Karen and I will see Hamilton when we get to London in a couple of weeks, so I’ve been reading the Ron Chernow biography of Alexander Hamilton that inspired the hit musical. Among many new discoveries, it’s reminded me over and over again that nothing in history is ever really new or original. Think the idea of “fake news” is something modern? Thomas Jefferson said of the press in early America, “nothing can now be believed which is seen in a newspaper.” And if you’re distressed by the crassness of public discourse in the age of Twitter, you might find some comfort in knowing our forefathers routinely engaged in the kind of invective that would make a Russian bot blush. […]
Almost every town you visit in your travel around western Europe will have some kind of prominent religious building in the center of the city. But it can be difficult sometimes to figure out what you’re looking at, at least according to the taxonomy of the Catholic church. Is it a cathedral? Or a basilica? Just a regular “church”? Or something more exotic like an abbatiale, a collegiale, or a chapelle? Here’s a quick guide with some examples drawn from the area I love most, the “deep heart” of central France. (And yes, I do know that there are many other houses of worship, including mosques, temples, and Protestant halls, even here in France. But they are rarely the […]
The broad stone steps are still slippery from the rain as I start up the side of the rocky needle toward the Chapel of St. Michel d’Aighuile. I pick my way carefully as I climb…97…98…99….100. The building up at the top is tiny, meant for dozens of people, not a crowd. It’s 269 feet in the air, overlooking the city of Le Puy en Velay and the valley of the Haute-Loire. The Romans probably came up here to worship at an altar dedicated to Mercury, and the original Christian shrine was likely much smaller than what we see today – a graceful little 12th-century chapel with a claustrophobic Romanesque vault and several ancient frescoes still visible on the wall.
There are thousands of castles in France. Most of them are very small, built to be the medieval homes of some minor aristocrats or to protect travelers along a stretch of road. (We’ve covered many of these smaller places on this blog – the fine chateau at Tournemire, for example, or the family castles at Val, Domeyrat, Arlempdes, and Billy.) At the high end of the range, you know some of the others already – the great, graceful palaces like Chambord and Chenonceau in the Loire Valley that retained some of their defensive structures but that obviously focused more on the royal luxury of the kings and queens who lived there. There’s another category of castle, though: the ones that […]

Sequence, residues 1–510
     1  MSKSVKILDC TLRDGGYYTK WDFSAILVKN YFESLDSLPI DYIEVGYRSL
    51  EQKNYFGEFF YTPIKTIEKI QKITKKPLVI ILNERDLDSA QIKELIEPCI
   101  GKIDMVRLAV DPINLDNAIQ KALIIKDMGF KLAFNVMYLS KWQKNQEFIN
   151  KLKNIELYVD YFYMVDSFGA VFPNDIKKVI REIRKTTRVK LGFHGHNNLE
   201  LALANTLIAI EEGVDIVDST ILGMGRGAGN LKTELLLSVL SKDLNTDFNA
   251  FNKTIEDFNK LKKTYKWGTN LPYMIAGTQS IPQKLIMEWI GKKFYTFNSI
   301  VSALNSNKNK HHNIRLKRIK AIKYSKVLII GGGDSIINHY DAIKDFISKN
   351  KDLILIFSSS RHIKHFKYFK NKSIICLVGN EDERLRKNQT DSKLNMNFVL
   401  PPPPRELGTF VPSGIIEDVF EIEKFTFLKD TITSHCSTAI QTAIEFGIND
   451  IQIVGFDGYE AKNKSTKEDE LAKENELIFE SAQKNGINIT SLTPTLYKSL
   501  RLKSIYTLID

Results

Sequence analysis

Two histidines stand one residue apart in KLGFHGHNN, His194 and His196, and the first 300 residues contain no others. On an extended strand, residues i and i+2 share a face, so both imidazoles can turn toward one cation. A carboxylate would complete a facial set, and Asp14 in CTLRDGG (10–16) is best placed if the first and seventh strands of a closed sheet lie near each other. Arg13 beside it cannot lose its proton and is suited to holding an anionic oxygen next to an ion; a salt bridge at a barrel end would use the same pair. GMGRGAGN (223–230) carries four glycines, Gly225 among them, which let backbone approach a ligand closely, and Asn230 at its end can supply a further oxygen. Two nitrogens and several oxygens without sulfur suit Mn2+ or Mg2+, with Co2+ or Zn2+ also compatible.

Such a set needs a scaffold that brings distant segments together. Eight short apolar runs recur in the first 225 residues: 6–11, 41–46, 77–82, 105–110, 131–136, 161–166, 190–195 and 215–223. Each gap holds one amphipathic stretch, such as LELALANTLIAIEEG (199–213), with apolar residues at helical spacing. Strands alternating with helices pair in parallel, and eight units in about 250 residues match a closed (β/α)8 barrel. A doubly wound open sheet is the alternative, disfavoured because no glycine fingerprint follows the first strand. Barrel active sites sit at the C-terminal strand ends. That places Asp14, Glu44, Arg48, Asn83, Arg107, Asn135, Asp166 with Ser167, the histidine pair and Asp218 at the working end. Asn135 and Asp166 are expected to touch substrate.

From the feedback some of you have given me, I know the idea of exploring France outside of Paris can be a little overwhelming. After all, Paris is perhaps the greatest single tourist destination on earth, and you could go there dozens of times without exhausting all the incredible things to see and do in the capital city. (Believe me – Karen and I have tried!) The idea that there are thousands of other possibilities, some more interesting than anything you can find in Paris, can really be intimidating when you’re organizing future trips. And it’s certainly true that, for most people in the world, Paris is the single image that comes to mind when someone says “you should see France”. […]
I’ve been surprised and a little amused that my most “popular” (most read) post in the history of this blog…is the one I wrote on how common it is to find a rooster positioned on the cross above so many churches in France. At first I thought a teacher somewhere must have assigned a term paper on the subject to a big class as “rooster on church” became the object of the most common Google searches leading to this site. But months have gone by, and week in and week out this little post continues to get read more often than everything else, so I guess it must have fulfilled a need. In any case, here’s an updated version with […]